Why we love to miss the point
Maybe social media and smartphones aren't the problem
As a parent of teenagers, I find smartphones deeply annoying. The things are like Rings of Power that suck all their adolescent energy and distract them from doing anything vaguely interesting. On some occasions I’ve even begged the kids to watch television instead, which at least feels vaguely wholesome in comparison. ‘Get off your phone,’ I find myself shouting before one of my daughters points out that I, too, am on my phone, perhaps reading the latest article about how the internet is rotting our brains.
I’m sympathetic to the idea of banning social media use for under-16s, since the potential individual downsides seem greater than any upsides. Likewise with smartphones more generally, which are a big coordination problem because it’s very hard for one parent to ban them, cutting off their child from WhatsApp, Snapchat or whatever. There is certainly a case for banning TikTok entirely, if indeed it really is being used by a hostile government to undermine the West.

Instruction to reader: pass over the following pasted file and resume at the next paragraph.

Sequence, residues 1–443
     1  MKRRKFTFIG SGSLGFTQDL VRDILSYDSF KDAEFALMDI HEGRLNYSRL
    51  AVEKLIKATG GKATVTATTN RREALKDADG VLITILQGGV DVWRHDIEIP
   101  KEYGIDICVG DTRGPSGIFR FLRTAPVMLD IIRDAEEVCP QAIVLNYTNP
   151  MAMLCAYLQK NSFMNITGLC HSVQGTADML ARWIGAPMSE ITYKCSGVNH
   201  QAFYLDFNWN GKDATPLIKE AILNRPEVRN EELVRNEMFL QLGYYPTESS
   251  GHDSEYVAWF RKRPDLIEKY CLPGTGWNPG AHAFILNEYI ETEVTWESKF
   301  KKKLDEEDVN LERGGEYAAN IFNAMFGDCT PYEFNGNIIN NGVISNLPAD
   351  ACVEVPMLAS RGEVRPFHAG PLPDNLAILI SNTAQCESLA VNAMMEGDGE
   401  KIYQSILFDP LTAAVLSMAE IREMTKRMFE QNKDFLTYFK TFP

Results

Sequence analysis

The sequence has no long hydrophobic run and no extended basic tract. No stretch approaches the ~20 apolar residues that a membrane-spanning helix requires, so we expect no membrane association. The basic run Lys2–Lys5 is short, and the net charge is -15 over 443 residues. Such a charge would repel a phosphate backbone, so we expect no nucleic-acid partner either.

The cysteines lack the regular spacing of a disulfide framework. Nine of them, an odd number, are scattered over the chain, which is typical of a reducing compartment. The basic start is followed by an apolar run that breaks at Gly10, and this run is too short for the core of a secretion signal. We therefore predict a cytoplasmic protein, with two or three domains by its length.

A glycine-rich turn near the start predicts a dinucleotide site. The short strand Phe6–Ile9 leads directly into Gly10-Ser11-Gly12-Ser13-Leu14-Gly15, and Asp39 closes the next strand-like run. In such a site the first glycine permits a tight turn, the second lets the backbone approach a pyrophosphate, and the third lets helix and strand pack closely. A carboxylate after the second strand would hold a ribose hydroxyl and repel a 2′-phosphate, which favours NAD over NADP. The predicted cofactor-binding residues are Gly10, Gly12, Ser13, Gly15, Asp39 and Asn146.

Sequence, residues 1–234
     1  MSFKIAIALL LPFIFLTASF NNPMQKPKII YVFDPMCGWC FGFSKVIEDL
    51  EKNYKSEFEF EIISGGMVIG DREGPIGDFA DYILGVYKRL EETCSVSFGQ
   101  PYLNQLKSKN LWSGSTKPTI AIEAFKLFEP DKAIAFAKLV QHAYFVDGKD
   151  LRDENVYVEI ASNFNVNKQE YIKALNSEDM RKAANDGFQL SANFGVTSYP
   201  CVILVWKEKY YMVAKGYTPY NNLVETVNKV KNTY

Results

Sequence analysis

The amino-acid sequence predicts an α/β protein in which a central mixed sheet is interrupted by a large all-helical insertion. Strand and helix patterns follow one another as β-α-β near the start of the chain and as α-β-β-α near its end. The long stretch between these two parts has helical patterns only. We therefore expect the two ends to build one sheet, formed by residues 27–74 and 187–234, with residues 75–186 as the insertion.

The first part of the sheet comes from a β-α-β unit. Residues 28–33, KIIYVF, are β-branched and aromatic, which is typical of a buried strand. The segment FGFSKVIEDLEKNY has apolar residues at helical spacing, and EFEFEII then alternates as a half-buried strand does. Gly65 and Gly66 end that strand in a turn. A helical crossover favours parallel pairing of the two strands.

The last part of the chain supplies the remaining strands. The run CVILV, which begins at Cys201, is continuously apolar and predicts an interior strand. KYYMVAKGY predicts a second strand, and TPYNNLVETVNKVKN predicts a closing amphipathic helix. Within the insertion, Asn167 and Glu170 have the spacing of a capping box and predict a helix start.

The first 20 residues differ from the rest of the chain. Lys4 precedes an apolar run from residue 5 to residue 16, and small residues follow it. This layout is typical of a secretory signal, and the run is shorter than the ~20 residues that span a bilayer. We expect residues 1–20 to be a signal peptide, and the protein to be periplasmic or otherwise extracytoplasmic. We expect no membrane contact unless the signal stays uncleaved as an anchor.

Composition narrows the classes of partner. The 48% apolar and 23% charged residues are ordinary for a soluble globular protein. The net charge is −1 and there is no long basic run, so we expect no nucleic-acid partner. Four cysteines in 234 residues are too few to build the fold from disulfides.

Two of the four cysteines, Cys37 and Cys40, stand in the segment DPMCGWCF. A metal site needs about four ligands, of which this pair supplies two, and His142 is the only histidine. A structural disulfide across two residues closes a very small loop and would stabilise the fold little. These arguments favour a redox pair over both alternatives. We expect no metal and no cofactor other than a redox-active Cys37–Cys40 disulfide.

My impression of social media is that it probably accentuates and exaggerates already existing trends, helping well-adjusted and happy people become even more social, while having a negative effect on those already suffering from serious anxiety or personality disorders. The main downside is that it makes it easier for the unhinged to meet like-minded people and form communities who goad each other on to further extremes.
But I’ve become sceptical of some of the claims made about the role phones and social media play in teenage depression and anxiety, the subject of a recent episode of The Studies Show. (Chiefly, I’m sceptical because the teen anxiety epidemic doesn’t seem to be happening in lots of countries where smartphones are similarly ubiquitous).